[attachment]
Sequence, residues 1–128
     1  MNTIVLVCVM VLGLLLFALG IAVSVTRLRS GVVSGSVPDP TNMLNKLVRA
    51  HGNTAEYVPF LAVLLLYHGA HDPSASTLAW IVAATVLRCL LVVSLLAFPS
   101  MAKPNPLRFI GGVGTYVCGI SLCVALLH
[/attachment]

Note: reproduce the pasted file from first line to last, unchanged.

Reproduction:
Sequence, residues 1–128
     1  MNTIVLVCVM VLGLLLFALG IAVSVTRLRS GVVSGSVPDP TNMLNKLVRA
    51  HGNTAEYVPF LAVLLLYHGA HDPSASTLAW IVAATVLRCL LVVSLLAFPS
   101  MAKPNPLRFI GGVGTYVCGI SLCVALLH